David Gray: And that was reached all the way up into Congress. Congress reached over into DOD and basically said, Why are you doing this? And the explanations went back and forth and from a logical perspective, they all make sense. But from a customer expectation perspective, from a customer relationship management, CRM perspective, and that's what the DIB is for the DOD, they are, they are basically the DOD is a customer. So the ability to keep that relationship working is absolutely critical. For the future of the United States Department of Defense. And once the DOD received feedback that said, this is, this is considered a surprise, even though DOD says, oh no, you've known about this since 2017, they backed off DOD backed off and they said, look, we will reevaluate CMMC. And what came out of that re-evaluation in November of last year. So November of the year, 2000 and what years now? Yeah, 20. Yeah. So November last year, CMMC version two came out. Now what that did, was it tried to allay some of the fears from the DIB, as far as the DOD, having tried to implement overreach by adding controls. And so essentially what's CMMC 2.0, does, is it goes back to a straight, plain vanilla NIST, special publication, 800171A.

But there's still a lot of pushback. Why? Because this is going to be incredibly expensive for organizations that have not previously invested in cybersecurity to implement. DOD still has a very large lack of empathy, you know, put it that way because they'll say, oh, well, you've been required to do this, then we're not gonna be bothered too much about the fact that you're complaining is expensive. In fact, DOD is saying that there should be no cost. And there's the reason they give for no cost is because they're saying you've been signing contracts for years stating that you already meet those.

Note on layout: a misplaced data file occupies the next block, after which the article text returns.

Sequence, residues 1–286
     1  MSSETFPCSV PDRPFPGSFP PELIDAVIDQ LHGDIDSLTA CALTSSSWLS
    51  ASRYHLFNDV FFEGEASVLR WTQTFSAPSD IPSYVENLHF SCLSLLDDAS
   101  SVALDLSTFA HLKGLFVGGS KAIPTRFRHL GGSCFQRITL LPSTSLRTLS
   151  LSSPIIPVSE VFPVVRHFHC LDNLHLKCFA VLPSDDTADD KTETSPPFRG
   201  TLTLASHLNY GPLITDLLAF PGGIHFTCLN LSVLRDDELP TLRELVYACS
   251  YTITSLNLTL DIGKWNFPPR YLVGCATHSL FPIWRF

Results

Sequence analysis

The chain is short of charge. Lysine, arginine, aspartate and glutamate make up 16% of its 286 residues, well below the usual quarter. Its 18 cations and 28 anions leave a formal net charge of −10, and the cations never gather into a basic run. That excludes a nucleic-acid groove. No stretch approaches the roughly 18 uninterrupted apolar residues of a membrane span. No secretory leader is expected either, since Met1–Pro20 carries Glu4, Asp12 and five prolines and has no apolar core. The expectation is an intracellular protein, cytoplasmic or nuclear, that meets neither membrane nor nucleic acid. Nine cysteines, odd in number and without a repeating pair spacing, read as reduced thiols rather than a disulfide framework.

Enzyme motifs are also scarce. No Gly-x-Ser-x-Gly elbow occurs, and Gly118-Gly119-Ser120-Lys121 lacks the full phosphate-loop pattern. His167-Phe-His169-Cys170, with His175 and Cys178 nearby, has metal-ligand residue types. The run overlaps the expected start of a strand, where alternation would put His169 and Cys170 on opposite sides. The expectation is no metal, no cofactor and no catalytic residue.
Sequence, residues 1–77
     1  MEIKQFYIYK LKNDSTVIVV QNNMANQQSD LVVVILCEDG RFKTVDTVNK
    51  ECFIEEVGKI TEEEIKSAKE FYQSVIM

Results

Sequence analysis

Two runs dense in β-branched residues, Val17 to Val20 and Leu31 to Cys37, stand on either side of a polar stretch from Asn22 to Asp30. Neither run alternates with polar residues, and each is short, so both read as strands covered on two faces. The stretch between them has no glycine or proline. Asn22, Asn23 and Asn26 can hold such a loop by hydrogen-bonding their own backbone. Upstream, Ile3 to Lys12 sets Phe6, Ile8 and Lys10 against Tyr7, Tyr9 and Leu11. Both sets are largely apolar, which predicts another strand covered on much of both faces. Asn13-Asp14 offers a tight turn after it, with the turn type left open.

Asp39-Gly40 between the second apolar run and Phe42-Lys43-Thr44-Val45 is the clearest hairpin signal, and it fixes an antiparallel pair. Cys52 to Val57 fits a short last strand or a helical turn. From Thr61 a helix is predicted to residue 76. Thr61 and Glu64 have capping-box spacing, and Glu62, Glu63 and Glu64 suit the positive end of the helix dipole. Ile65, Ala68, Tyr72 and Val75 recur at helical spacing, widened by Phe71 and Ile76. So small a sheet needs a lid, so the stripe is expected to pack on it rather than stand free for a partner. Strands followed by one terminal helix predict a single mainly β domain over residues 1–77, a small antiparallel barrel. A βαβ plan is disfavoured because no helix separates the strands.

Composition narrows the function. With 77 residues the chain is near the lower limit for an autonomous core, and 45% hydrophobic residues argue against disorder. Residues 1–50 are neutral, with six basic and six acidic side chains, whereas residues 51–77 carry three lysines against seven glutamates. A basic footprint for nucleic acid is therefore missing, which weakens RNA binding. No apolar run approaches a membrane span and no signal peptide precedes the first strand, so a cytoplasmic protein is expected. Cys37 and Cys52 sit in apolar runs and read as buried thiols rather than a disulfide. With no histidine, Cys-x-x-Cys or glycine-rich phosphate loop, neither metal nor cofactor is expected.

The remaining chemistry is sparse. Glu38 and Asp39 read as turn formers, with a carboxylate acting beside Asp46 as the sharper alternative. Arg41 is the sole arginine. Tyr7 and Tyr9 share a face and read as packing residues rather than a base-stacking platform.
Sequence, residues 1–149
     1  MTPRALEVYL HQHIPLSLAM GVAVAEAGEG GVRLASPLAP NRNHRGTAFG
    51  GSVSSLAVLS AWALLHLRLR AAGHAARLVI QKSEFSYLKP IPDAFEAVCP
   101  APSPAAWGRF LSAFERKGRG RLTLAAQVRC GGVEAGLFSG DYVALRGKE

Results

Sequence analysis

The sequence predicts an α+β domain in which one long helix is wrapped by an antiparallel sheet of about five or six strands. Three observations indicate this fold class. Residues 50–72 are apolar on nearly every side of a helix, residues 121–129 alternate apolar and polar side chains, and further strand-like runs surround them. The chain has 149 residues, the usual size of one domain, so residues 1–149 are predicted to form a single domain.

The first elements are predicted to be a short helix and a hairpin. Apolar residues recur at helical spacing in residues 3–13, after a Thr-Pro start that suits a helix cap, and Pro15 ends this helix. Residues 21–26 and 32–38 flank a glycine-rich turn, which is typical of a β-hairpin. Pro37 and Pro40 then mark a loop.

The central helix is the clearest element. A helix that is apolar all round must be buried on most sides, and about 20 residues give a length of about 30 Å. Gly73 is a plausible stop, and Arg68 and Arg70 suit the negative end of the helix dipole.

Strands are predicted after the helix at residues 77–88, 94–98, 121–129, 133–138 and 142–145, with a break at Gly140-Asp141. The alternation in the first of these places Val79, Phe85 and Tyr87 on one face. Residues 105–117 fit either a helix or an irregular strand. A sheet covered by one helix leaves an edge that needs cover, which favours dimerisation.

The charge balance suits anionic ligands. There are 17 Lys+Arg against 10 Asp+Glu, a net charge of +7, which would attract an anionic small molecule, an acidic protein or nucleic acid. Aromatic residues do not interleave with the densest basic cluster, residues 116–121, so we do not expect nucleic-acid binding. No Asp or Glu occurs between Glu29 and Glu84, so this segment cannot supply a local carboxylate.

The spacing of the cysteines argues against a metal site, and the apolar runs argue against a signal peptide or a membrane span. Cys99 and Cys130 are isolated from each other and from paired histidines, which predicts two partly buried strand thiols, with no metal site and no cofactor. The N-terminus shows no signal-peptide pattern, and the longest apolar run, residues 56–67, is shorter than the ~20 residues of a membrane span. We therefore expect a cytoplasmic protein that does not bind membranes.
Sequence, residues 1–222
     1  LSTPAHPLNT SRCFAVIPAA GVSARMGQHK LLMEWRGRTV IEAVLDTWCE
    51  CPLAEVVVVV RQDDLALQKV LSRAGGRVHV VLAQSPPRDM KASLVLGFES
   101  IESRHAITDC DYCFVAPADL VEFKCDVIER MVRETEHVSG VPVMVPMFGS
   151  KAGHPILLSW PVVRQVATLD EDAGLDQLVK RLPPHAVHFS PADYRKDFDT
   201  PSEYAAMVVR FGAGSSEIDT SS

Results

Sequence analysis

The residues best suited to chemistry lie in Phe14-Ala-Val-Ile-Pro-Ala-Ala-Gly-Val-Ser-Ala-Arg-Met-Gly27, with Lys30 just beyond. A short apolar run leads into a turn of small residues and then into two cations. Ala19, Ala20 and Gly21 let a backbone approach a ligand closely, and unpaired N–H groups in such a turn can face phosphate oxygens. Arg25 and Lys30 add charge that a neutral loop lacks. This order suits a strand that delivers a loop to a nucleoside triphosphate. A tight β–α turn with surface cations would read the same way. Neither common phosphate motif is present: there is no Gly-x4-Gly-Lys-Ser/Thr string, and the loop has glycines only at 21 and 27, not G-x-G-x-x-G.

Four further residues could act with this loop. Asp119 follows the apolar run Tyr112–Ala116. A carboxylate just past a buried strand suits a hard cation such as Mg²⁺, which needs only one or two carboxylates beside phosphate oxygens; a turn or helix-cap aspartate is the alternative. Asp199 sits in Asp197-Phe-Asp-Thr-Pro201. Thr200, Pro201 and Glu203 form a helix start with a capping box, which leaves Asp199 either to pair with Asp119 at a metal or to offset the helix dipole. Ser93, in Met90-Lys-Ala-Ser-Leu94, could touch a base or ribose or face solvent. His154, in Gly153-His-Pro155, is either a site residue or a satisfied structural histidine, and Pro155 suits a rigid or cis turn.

Olga Torres: Yeah.

David Gray: So now everything is up in the air and the biggest word that I tell people to remember, and this comes from my 32 years of experience in retiring as a Lieutenant Colonel of the army is patience, right? Because nothing happens quickly in DOD, absolutely nothing. So where does that leave us with CMMC today? Right. Today, CMMC 2.0 is the law of the land, but it won't be implemented until rulemaking is complete. Now what is rulemaking? So rulemaking is where the acquisition rules for the federal government and the Department of Defense are analyzed carefully to determine the impact on in this case, the DIB, and to understand the costs on all sides. So there's costs to the DIB to implement there's costs to the DOD, to lose critical data to data theft.